Limit the line of sight between perpetrators and victims in any courtroom (eg place someone or yourself physically in the direct line of sight).

When acting for perpetrators:

Take steps to protect your safety.

Do not leave documents or files where they can be read or accessed by your client, especially if the documents contain personal information like phone numbers and addresses, which could be used to locate the other party.

Before considering whether to enter into negotiations about parenting plans or parenting arrangements at domestic violence order proceedings, consider the demeanour of the other party and advise your client about the potential of negotiations at such an event being portrayed as taking advantage of the other party in a vulnerable position, or intimidating or controlling the other party.

Explain the protection order’s conditions to your client and provide advice that helps prevent future acts of domestic and family violence. Advise the client that any further acts of domestic and family violence would breach the protection order or potentially increase the protection order’s conditions.

If the client makes threats to the safety of the other party or that party’s lawyer, consider contacting the lawyer to tell them about the threats. If you have any doubts about when to contact the lawyer for the other party and what to disclose, contact the Queensland Law Society’s Ethics Centre12 or Law Care service13 for expert advice. In emergency situations contact the police and/or the court.

If asked to pass gifts to children, consider the potential for a perpetrator to insert a tracking device in the gift and strongly consider whether it is appropriate to pass gifts or accept gifts on behalf of clients.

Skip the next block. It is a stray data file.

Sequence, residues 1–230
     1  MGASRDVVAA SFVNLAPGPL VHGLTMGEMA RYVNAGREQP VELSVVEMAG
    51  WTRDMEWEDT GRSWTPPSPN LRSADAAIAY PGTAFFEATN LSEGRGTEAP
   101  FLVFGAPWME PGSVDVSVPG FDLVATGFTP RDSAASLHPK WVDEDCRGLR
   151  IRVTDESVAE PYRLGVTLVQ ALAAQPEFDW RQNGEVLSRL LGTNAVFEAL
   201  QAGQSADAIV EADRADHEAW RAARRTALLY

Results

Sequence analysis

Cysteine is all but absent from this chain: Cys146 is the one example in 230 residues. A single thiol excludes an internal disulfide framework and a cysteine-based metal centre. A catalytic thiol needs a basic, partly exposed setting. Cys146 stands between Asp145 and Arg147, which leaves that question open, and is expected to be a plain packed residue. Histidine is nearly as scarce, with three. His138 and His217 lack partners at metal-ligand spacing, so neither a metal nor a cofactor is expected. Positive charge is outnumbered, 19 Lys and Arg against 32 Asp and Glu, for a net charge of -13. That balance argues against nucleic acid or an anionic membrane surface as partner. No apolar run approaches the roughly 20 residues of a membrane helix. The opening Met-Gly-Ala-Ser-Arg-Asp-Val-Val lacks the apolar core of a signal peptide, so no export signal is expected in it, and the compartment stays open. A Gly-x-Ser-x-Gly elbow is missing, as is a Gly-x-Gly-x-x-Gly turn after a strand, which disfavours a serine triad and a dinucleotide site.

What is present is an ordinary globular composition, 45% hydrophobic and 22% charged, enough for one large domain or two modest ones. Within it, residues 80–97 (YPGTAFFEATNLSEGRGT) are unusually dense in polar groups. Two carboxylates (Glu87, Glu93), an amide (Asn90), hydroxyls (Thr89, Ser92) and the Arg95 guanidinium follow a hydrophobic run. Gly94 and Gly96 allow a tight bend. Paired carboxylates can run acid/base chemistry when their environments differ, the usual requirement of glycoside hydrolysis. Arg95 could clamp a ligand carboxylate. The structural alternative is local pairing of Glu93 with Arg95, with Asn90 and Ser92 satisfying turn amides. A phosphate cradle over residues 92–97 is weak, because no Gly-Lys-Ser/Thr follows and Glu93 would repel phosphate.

Take appropriate precautions for your own safety

Practice points:

If you are seeing the client away from the office, consider conducting a safety assessment of the location prior to the interview taking place.

If using an offsite location, take safety precautions by arranging to call your office when you arrive and when you are leaving so your colleagues know where you are and when to expect you back at the office.

If you are working in a government setting, know their safety procedures.

Familiarise yourself with the court safety procedures and protocols14 including the Queensland Courts Domestic Violence Protocol.15

In extreme cases, where you become concerned that your own safety may be at risk, protect your personal information (eg be conscious of social media posts, mobile phone usage, your listing on the electoral roll and transport arrangements). Familiarise yourself with using safety and security features when having contact with clients who may become emotional or angry (eg security buttons, locks on doors, positioning within room, notifying security staff).

Protect your own safety as you leave the building (eg carry a personal duress alarm or leave the building with colleagues).

Be aware of the impact of vicarious trauma and the support available through Law Care.16

Consider your workplace safety procedures and emergency procedures and be familiar with them.

When acting for perpetrators:

Familiarise yourself with using safety and security features when having contact with clients who may become emotional or angry (eg security buttons, locks on doors, positioning within room, notifying security staff).

If using an offsite location, call your office when you arrive and when you are leaving, so your colleagues know where you are and when to expect you back at the office.

Protect your own safety as you leave the building (eg carry a personal duress alarm or leave the building with colleagues).

If a client threatens you or a physical incident occurs, notify your supervisor and consider if the appropriate authorities need to be notified.

In extreme cases, where you become concerned that your safety is at risk, protect your personal information (eg be conscious of social media posts, mobile phone usage, your listing on the electoral roll and transport arrangements).

Be aware of some perpetrators’ ability to manipulate, which may extend to you as a legal practitioner.

Consider the safety of any children

Routinely make inquiries regarding the presence and safety of children when conducting cases where domestic and family violence has been alleged. Be aware that your client may be unaware of the level of risk to their children and may make statements like, “I don’t think he would ever hurt the children.”